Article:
Please welcome J.L. Murray to The Qwillery. Eat the Ones You Love, the 2nd book in The Thirteen series, was published on August 3rd.
Death. It's basically my bread and butter. I write about death (or Death) in almost every book. Even when I'm not writing about death specifically, it's always there, lurking just below the surface. Zombies, vampires, demons, whatever. Death, killing, blood and gore are how I make my living. And some people say I'm pretty good at it.
Death sort of surrounds me, I realized the other day. Half of the shirts in my closet have skulls or skeletons on them. Most of the things that I like, be it art or novels or movies, are quite morbid. And yet, I am a cheerful person most of the time. My personality doesn't match my interests, and I kind of like that about myself. I'm not obsessed with death, but I can find beauty in it. And if I can find beauty in death, I can find beauty in anything.
Several weeks ago, I realized something needed to change. I've been writing for a long time, but professionally, it's only been about three years give or take. I was becoming unhealthy, eating badly, gaining weight. You know, the usual suspects when your career relies on you sitting on your ass. So I strapped on some running shoes and got started. I ran...for almost a minute. But I had to start somewhere, so the next day, I went out again. Three weeks later and I can run about a mile. I'm working on it. But the fact that I did this only proves what I was talking about. Death. It permeates us. We're afraid of dying, which I think is a natural fear. And as a horror writer, I write about what scares me most. As they say, the biggest monster is already inside of you.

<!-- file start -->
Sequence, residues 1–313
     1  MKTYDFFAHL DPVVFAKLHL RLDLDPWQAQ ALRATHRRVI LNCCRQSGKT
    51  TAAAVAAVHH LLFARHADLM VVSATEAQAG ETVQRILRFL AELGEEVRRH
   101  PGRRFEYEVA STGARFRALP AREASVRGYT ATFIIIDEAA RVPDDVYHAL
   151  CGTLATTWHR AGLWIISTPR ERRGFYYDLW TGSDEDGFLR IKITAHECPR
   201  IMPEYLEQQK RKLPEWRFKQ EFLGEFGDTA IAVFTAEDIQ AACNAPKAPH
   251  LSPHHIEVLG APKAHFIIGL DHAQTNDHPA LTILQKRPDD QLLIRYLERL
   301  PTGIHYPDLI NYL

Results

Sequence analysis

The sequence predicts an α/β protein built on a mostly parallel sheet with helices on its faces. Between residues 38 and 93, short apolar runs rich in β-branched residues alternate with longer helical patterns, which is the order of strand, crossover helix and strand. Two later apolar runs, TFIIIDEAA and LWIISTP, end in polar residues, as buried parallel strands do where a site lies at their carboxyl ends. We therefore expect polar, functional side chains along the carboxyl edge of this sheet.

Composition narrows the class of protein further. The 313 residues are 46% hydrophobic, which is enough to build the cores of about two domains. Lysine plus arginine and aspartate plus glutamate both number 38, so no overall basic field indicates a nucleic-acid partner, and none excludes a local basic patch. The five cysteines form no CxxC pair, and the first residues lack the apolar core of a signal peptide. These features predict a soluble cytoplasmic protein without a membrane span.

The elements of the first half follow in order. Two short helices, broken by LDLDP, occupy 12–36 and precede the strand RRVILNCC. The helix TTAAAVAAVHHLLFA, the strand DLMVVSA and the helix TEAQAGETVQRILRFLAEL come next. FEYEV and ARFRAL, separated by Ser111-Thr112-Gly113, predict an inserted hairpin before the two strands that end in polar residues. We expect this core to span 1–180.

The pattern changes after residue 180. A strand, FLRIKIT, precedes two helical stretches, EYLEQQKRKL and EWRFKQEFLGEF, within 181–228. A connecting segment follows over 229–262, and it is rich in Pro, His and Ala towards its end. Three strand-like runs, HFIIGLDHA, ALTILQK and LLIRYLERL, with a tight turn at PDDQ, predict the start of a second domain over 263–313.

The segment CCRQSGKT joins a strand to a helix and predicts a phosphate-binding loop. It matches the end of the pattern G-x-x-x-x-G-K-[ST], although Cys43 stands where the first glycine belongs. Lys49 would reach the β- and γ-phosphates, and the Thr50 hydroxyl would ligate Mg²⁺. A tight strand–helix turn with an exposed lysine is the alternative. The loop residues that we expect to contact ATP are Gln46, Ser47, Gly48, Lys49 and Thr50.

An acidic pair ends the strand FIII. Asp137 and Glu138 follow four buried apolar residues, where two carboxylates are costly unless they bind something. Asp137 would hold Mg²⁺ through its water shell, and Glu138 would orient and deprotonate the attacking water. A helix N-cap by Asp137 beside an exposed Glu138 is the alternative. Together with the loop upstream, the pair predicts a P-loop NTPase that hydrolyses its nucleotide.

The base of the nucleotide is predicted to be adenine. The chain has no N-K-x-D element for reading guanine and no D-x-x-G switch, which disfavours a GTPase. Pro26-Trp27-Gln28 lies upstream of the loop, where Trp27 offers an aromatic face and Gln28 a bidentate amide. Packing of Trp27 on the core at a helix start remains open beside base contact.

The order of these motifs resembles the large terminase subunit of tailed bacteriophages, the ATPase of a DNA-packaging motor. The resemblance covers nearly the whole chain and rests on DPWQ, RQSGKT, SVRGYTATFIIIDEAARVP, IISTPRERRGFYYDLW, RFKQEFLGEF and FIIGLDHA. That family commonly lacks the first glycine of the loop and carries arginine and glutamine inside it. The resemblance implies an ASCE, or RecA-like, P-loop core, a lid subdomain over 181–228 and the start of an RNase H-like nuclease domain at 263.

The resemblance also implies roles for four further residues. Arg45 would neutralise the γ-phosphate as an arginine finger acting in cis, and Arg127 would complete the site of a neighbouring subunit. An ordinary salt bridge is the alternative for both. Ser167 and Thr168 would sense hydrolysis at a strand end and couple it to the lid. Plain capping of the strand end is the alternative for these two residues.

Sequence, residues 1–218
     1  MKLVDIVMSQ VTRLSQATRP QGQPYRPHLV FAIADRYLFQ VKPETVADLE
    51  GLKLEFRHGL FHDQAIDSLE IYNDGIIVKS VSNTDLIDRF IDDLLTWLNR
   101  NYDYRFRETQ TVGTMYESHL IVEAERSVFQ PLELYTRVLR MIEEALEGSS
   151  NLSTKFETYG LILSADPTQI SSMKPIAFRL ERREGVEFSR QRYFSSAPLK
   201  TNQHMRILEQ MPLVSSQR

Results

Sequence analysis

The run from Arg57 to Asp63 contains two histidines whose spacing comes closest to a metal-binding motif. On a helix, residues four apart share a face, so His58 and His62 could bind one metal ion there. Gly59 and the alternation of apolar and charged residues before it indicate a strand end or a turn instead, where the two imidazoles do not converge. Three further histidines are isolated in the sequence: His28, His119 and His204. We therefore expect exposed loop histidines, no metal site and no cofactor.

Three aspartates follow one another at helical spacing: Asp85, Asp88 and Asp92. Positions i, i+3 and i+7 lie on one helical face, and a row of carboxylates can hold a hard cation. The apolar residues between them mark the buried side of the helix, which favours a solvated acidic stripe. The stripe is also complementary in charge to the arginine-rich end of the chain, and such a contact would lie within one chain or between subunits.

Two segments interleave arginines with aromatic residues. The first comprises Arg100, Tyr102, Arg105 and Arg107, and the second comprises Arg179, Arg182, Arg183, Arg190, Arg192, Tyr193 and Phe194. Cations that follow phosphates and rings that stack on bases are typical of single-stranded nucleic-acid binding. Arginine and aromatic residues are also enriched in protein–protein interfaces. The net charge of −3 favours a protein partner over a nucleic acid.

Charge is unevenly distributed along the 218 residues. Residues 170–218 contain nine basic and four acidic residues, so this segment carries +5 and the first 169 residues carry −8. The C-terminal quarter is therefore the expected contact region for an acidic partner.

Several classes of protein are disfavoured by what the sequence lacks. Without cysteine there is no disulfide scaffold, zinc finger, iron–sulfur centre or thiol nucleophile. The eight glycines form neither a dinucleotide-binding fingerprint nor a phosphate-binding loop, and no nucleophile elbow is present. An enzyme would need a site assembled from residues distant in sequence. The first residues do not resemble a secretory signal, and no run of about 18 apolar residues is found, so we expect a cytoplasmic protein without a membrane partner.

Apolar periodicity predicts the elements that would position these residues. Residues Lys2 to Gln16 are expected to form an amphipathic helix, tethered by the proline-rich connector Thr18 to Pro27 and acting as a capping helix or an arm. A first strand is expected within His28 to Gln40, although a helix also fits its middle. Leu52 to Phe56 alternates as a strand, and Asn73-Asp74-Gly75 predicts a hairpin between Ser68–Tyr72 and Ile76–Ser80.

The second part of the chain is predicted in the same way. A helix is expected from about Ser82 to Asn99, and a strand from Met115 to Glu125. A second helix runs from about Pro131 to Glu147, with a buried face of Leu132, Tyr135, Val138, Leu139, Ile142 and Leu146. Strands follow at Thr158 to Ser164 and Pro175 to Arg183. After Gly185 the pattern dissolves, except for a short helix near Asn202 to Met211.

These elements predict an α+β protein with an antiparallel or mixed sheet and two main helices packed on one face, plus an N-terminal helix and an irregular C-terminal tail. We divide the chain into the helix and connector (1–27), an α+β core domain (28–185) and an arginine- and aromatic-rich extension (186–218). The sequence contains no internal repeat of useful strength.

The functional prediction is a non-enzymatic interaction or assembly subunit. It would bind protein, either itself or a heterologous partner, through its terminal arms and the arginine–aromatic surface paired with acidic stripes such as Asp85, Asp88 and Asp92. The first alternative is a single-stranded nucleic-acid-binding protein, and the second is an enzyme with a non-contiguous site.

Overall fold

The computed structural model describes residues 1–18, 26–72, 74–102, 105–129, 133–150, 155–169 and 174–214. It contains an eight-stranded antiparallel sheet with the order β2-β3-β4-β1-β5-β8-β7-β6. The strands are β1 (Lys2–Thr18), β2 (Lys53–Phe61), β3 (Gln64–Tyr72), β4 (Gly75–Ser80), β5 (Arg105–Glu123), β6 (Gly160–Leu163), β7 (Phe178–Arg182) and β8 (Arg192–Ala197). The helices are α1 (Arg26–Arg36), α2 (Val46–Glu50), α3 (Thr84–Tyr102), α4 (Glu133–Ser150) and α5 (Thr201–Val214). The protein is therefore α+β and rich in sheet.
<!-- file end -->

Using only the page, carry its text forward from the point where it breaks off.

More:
I dwell in death all day and all night. But I also have a pretty nice life that just keeps getting better the longer I keep at this writing gig. So, if I'm so afraid of dying, enough to torture myself with running after so long being a schlub, why do I surround myself with it? Death, dying, murder. My jewelry is even tinged with death. I have a favorite ring that looks like a skeleton's hand gripping my finger. My house is decorated with Day of the Dead paraphernalia. Things that remind me that death is not only scary, but also beautiful.
What scares us can be so achingly beautiful. If I can see the beauty in a girl that wants to eat people, in a vampire's lust for blood, in Death taking souls against their will and guiding them where they need to go, to see how darkly beautiful it is, it doesn't seem as terrifying. I surely don't want to die yet, and I'm going to keep working on being healthy, but I think that if artists don't use their fears as subject matter, then they are doing a disservice to their medium.
Death is beautiful. Blood is beautiful. And though it might categorize me as morbid, it's enough to know that there is beauty even in -- perhaps especially in-- the things that we fear most. After all, if we didn't have darkness, we wouldn't know what the light was.
Eat the Ones You Love
The Thirteen Book 2
Hellzapoppin Press, August 3, 2015
eBook, 278 pages
"What have I become?"